My 2007 WM Statesman was purchased in 2013 to replace a BA Falcon that was starting to have problems after 250,000km, particularly transmission issues caused by coolant entering the transmission oil cooling system in the lower radiator. The cost of repair was more than the car was worth, so exit one BA.
Initially a Holden was not even considered, as I was looking at cars like the Camry. But then the Statesman became available from a deceased estate, at a price I couldn't refuse. At the time of purchase it had done just over 60,000km, and it is now on 115K.
The old Falcon was like a comfortable pair of shoes, so even after a few years of Statesman ownership, comparisons are still drawn. Note that comments relating to the Statesman could be unique to my particular vehicle, as I have not driven another VE Commodore/Statesman to compare.
Even now I can't get over how noisy the car is compared to the Falcon - the worst being exhaust drone/resonance from 1800-1950rpm. I did really expect that it would be super quiet being the "luxury" Holden. The wind noise was partially eradicated by fitting extra stick on door seals, and tyre noise was reduced considerably when Michelin Premacy tyres were fitted. But then there was the engine vibration that was being transmitted through the pedals/steering wheel.
Compared to the Falcon, I find the Drivers seat to be hard and uncomfortable, with the seat cushion too short. But the range of seat and steering wheel adjustments means that a good driving position is a reality, unlike the Falcon, in which the steering wheel did not have enough vertical adjustment.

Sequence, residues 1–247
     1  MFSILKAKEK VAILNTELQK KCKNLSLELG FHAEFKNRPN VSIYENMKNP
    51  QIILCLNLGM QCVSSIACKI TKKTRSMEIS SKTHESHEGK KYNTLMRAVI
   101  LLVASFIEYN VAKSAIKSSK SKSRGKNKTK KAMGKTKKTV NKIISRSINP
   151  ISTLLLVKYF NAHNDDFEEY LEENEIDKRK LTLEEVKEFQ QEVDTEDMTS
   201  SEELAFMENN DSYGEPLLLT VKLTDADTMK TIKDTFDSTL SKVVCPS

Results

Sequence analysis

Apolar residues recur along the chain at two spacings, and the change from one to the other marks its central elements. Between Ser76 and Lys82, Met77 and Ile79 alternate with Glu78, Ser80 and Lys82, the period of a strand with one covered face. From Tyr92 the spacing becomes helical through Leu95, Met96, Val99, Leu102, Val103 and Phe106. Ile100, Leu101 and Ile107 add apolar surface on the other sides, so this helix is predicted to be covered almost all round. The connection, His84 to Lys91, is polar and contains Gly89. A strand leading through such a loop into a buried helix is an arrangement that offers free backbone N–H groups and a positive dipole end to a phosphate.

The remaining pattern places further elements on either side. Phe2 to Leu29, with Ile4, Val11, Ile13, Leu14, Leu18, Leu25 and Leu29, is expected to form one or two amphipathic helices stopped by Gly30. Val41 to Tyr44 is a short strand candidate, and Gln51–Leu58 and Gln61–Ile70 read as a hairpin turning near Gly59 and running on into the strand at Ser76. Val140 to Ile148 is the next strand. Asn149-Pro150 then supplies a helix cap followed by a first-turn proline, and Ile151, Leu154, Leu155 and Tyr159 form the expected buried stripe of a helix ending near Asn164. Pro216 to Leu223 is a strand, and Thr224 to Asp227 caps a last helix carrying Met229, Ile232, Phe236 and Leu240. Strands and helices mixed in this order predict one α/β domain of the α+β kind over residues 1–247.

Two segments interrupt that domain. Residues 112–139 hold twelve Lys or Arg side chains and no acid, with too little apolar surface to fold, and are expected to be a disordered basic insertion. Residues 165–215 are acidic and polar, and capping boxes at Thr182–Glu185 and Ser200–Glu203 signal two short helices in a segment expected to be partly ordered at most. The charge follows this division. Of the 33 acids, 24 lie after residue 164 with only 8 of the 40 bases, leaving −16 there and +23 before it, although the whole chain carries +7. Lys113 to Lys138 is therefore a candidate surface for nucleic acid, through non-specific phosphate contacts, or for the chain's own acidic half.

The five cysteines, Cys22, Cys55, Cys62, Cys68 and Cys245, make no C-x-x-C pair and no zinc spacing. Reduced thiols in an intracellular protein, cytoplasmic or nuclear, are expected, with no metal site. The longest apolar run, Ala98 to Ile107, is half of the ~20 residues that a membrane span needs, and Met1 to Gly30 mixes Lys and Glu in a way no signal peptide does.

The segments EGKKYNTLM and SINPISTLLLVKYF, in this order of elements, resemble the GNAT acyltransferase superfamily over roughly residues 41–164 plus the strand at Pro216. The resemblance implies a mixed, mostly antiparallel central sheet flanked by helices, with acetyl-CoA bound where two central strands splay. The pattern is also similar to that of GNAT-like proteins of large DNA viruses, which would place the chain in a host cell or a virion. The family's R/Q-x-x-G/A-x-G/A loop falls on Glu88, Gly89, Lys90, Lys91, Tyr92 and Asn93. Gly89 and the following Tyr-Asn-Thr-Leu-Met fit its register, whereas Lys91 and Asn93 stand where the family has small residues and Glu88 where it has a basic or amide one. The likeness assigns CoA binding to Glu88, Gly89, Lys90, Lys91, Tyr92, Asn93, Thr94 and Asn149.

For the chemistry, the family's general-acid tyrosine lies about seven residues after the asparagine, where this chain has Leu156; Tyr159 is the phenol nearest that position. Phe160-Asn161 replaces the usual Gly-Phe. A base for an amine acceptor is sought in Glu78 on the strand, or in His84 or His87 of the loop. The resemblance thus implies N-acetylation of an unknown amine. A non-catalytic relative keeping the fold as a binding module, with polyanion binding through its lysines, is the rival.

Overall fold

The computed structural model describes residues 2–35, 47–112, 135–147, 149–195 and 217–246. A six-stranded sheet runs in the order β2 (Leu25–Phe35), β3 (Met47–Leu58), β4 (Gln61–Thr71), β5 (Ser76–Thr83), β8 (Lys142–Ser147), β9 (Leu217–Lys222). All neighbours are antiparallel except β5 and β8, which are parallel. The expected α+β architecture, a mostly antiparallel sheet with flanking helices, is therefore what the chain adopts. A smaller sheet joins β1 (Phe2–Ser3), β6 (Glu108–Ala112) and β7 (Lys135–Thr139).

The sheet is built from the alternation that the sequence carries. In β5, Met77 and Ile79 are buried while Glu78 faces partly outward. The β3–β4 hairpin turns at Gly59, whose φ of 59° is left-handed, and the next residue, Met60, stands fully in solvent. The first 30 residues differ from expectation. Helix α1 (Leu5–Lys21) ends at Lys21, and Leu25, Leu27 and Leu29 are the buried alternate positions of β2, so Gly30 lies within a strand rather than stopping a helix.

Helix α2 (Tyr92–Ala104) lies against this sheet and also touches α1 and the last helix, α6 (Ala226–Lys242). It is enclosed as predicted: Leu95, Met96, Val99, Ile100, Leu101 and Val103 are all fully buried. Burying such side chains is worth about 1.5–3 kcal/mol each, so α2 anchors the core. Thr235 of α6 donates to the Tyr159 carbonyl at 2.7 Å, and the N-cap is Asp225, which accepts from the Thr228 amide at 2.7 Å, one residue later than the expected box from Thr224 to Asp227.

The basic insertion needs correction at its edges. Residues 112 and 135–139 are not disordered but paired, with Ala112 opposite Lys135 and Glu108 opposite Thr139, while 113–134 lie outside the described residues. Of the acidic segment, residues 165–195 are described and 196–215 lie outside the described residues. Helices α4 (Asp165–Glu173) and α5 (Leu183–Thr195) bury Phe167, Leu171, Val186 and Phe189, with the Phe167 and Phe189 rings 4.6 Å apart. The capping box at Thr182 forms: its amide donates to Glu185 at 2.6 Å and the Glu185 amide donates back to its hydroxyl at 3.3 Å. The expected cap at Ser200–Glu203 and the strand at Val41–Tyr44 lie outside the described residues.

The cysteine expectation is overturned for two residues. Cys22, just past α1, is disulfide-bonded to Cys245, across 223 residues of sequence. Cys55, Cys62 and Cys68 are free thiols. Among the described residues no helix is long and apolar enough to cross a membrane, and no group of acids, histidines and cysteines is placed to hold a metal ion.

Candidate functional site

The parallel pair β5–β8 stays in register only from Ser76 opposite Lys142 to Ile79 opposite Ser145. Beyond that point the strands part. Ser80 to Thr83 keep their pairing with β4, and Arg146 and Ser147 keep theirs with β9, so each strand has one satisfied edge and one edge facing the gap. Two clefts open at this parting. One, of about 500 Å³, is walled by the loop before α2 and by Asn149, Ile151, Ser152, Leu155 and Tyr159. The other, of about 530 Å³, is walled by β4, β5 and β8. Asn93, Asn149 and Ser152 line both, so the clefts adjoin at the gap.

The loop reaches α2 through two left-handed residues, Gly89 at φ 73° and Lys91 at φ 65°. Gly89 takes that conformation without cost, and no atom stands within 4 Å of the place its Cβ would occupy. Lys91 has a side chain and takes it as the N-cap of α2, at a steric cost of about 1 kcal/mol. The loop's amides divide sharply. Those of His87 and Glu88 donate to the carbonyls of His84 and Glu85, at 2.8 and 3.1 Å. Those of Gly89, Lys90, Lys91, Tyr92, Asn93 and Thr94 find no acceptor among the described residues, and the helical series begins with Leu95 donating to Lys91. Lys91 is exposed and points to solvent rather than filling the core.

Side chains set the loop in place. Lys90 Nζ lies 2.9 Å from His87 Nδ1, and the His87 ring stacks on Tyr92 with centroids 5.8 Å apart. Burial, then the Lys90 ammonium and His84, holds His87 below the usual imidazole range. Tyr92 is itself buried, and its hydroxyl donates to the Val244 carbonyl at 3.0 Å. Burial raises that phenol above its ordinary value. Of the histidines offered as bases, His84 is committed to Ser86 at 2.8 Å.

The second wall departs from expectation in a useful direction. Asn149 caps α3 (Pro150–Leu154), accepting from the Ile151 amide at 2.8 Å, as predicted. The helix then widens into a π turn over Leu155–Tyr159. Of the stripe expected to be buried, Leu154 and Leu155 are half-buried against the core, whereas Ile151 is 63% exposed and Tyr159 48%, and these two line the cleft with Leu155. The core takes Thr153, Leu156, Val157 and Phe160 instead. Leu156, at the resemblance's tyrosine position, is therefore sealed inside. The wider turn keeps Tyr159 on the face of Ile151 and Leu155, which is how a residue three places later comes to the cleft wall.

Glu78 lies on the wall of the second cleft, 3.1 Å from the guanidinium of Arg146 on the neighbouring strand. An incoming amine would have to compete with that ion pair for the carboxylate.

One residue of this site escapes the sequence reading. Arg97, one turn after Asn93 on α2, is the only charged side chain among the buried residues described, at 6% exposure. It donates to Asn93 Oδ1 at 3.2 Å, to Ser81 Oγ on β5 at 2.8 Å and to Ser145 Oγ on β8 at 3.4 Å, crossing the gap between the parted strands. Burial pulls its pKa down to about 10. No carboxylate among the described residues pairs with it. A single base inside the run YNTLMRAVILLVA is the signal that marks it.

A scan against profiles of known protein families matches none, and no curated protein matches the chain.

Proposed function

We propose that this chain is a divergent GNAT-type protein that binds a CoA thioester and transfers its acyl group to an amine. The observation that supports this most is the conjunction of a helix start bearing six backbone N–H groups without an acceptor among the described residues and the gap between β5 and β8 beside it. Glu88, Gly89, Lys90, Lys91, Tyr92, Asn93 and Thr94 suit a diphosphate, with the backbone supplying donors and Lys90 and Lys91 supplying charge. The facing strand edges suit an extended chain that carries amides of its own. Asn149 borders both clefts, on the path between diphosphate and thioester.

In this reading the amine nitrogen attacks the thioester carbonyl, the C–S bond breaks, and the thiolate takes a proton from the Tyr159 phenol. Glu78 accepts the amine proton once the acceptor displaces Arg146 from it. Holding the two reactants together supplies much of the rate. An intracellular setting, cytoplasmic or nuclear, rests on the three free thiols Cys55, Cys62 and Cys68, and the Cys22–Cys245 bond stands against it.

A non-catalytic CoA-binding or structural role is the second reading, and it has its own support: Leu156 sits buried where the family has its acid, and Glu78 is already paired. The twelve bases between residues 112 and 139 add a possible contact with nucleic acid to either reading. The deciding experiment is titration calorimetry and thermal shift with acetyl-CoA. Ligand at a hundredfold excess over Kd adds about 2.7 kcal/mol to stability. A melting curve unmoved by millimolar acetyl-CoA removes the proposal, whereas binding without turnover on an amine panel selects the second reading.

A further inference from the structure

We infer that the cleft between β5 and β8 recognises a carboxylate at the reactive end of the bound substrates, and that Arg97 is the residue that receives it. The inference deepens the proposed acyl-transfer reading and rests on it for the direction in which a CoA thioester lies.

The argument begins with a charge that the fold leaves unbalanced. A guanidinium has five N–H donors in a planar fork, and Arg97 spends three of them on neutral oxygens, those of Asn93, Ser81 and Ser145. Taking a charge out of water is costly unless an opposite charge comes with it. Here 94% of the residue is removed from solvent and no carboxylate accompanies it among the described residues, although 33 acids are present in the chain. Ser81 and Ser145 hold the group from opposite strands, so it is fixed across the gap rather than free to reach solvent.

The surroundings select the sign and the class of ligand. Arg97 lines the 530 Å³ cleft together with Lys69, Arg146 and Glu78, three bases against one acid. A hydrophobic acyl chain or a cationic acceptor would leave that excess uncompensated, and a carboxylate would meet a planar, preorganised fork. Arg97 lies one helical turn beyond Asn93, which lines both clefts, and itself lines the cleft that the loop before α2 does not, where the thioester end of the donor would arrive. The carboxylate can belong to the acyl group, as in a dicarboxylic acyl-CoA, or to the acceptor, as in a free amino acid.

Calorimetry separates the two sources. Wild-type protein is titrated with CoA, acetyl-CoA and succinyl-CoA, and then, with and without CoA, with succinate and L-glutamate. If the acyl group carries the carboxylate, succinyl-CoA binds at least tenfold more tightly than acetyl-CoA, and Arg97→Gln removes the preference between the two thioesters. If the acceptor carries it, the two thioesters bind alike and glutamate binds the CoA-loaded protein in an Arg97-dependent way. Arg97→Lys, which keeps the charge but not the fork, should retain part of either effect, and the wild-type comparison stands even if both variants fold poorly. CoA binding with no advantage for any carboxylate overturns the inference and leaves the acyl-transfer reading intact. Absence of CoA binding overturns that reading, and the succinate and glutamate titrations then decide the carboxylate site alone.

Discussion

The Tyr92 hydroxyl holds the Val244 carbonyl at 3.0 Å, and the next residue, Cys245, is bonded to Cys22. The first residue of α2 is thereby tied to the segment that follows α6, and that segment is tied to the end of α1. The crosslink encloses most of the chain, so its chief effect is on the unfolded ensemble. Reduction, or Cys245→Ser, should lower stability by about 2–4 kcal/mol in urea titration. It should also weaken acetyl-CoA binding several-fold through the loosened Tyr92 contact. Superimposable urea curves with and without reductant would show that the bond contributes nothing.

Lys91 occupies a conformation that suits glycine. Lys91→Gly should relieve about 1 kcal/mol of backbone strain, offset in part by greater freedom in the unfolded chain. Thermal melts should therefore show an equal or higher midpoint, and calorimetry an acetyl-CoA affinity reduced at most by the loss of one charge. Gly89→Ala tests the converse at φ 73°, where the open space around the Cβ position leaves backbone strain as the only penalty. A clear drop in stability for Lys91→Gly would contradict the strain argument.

Surprisingly, both front and back seats are not the best place for tall people, as headroom is sadly lacking. The back seats were obviously positioned rearwards to generate exceptional legroom, but a tall person's head actually touches the rear glass.
This is not a "happy" car around town; the ride is a bit too firm, the steering a bit too heavy, the extremities of the car are only a guess, the tupperware posing as a front bumper is too low, and the fuel consumption!!! Constant town travel produces a fuel consumption of between 14-18 litres per 100 kilometres!!!!
But the Statesman did redeem itself. I just recently completed a road trip from Brisbane to Darwin and back. At 110km/h and above, the car seemed to settle nicely. The ride at speed was excellent, the steering had lovely weighting, and the exhaust drone was not evident at higher speeds. It was at these times that it felt it was in its element. And for the total round trip, overall fuel consumption worked out to be 7.2 litres/100km by the trip computer, and 7.7 litres/100km by adding up all my fuel receipts. It was not uncommon to see high 5's to low 6's instant consumption on the trip computer when at a steady cruise. It's an incredible difference to solely urban use.
Performance wise, the V6 is okay, but doesn't have the grunt of the Falcon going up hills or off the mark. The cruise control causes a gearbox kick-down on even the slightest rise!
Mechanically, the WM has not missed a beat. I get my mechanic to service it every 7500km (which is probably overkill, but I don't want the dreaded timing chain issue!!). At 100,000km, I got the mechanic to replace plugs/coil packs, replace front suspension struts, replace front rotors/pads, replace brake fluid and coolant, and put in a new battery. I also had the air-conditioning serviced, but I still find it to be rather weak, as it takes an eternity to blow cold air if it has been parked in the sun.
My mechanic wants me to spend more money though; he wants to replace engine and gearbox mounts, centre bearing, and tailshaft donuts in an effort to track down the vibration. All these items have been visually inspected, but my budget doesn't extend that far at the moment.
I cant really comment on the phone connectivity and the like. I don't use that stuff. I am an oldie and find the trip computer enough technology to handle.
So is it practical?? My wife hates driving it. It's too big to park, the door mirrors are too small (agree), the front bumper scrapes on parking barriers, the steering is too heavy, and car is too low to get into (she has a mid size SUV). But the boot is enormous. One needs to climb in to retrieve items if they have slid forward.
So in a nutshell, we find the Statesman a better fit when used outside the city environment, when it can stretch its legs and show its mettle.